A ratio of ratios of 1 either indicates that mortality is estimated correctly in both HDSS and survey data or that both estimates are off by a similar magnitude. Without a gold standard, making firm conclusions on either interpretation is not possible. However, when looking at the age distribution of under-5 mortality, the HDSS estimates indicate that 42, 44 and 44% of under-5 mortality was neonatal in Dabat, IgangaMayuge and Kintampo, respectively. The HDSS estimates were substantially higher in Matlab (57%), which had intensive surveillance with bimonthly visits and pregnancy testing after missed periods  and in Bandim (63%) (Additional file 3.1), where mortality estimates are based on prospective surveillance (Additional file 2.1). Thus some HDSSs also likely underestimate early mortality, especially when intervals between follow-up rounds are long: deaths in children under surveillance are captured, but early deaths among children born between rounds are likely to be missed .
Since the HDSS data are per definitions a subset of the real birth history, all HDSS-recorded births should have a matched birth record in the survey data had the precision of the birth dates been high in both sources. However, when the HDSS reported births were linked to the survey data (+/−1 months), only between 51% and 89% of the HDSS records were matched to child records in the EN-INDEPTH survey data. In all five sites, the probability of matching an HDSS birth to a birth in the EN-INDEPTH survey was lower if the child had died. This is consistent with the survey being more likely to miss births of children who have subsequently died and thus underestimates the real child mortality. However, as described above, misreported date-of-birth for children who died may also contribute.
Strengths and limitations
This is to our knowledge the first study investigating variation in child mortality data measured through retrospective survey data across a range of countries and in populations where survey data could also be linked to prospective data on mortality at the level of births. In spite of having estimates from two different data sources, we do not have a gold standard. Some births and deaths may be missed through either or both sources, because they were not reported to the interviewer. Thus, there is no gold standard to evaluate either of the measures against.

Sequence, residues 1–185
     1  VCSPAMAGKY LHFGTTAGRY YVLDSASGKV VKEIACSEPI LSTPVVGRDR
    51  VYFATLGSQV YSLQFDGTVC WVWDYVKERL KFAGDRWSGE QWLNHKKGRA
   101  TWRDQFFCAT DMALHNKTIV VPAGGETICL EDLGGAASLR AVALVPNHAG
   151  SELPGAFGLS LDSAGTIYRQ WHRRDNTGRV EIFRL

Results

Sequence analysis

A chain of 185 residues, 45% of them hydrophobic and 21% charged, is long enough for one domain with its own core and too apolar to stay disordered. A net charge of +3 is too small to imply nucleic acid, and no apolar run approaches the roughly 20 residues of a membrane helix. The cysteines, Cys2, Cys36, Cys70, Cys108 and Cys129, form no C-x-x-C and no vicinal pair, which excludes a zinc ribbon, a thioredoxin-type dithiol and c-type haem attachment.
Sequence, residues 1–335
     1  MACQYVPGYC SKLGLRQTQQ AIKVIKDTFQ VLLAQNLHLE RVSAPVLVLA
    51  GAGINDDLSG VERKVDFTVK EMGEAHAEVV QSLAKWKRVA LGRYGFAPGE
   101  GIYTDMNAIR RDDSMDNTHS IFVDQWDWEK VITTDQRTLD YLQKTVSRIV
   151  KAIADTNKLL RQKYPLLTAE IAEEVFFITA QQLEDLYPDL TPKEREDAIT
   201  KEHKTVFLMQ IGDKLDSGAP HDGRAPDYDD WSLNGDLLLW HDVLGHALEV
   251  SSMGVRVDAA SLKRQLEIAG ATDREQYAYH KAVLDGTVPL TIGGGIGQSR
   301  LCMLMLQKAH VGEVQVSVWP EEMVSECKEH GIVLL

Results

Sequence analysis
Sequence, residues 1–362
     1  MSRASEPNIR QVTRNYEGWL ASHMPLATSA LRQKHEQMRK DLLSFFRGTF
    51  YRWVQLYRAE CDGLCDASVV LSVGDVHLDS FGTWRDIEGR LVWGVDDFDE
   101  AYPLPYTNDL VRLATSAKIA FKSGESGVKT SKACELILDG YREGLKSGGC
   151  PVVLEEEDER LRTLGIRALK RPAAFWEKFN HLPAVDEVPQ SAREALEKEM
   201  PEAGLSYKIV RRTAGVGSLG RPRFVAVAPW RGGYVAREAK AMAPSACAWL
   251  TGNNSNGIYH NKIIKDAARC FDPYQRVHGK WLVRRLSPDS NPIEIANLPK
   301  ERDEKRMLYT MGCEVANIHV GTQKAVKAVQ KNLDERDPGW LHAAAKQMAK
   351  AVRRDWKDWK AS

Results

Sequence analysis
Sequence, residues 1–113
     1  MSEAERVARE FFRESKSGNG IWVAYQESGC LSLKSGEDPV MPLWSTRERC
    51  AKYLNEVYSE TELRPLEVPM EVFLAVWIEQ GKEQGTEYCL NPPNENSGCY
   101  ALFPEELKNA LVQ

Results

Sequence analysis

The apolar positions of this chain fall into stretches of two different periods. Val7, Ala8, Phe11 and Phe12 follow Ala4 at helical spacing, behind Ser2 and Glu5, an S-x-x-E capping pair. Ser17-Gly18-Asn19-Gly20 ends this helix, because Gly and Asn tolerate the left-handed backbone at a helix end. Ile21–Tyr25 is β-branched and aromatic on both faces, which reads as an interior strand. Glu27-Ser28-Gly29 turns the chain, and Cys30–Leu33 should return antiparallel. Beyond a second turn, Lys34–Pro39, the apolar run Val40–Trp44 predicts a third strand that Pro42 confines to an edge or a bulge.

Potentially, though the women to be interviewed were selected from a listing of women registered in the HDSS data, another woman may have been interviewed instead of the listed woman. Such errors may have occurred since the common way of identifying a woman in the HDSS sites is ‘mother of xx’; for the present listing, we could not use these relations and that may have hampered the identification. Nevertheless, this is likely to be rare and does not explain the difference in matching by survival status of the child.
While the HDSS does not capture the true full birth history, our analyses indicate that the survey data likely missed some births too and in particular births where the child had subsequently died. Thus, both mortality from some HDSSs and estimates from surveys may systematically underestimate child mortality. Since the retrospective survey interviews are conducted to fill data gaps, studying omissions is challenging. We found that the EN-INDEPTH survey underestimated mortality compared with the Bandim HDSS, but we did not observe this pattern in the other sites, where full information of all births to registered women is assumed. In light of the different HDSS definitions of when a child is under surveillance (Additional file 2.1 and 2.2), future studies should ensure that both the data where full information on all births is assumed and the additional data necessary to perform analyses limited to prospective follow-up is available in the same populations. Sex-ratio at birth has been suggested as an indicator of potential omissions , but none of our analyses indicated that sex was associated with the likelihood of linking, which it should have been if girls or boys were selectively underreported. Sex-ratios alone are therefore not enough to reassure completeness of the survey data.
The precision of age-at-death is important in establishing the proportion of deaths having occurred below a specific age and thus to inform global mortality estimates . With changes in mortality patterns, departures from previously modelled fractions of mortality in younger age groups may be introduced, but could be overlooked in the absence of empirical data. Thus, improved measurement of infant and neonatal mortality is necessary to monitor progress towards the mortality targets of the Sustainable Development Goals .
Establishing the precision of the survey data may, furthermore, open up for new use of this type of data. If the survey data is sufficiently accurate, DHS/MICS data could be useful in studying the effects of ‘shocks’—e.g. effects of environmental exposures, pandemics or other events fixed at specific time points both before and after birth, and therefore be relevant for targeting interventions. If the imprecision increases markedly with the recall period, assessing potential effects of events several years prior to the survey may be impossible. The consistent finding that the sex of the child was not associated with the indicators of precision opens up to the use of survey data to study interventions, which may affect boys and girls differently  or differences in access to care, which may cause sex-differential mortality patterns .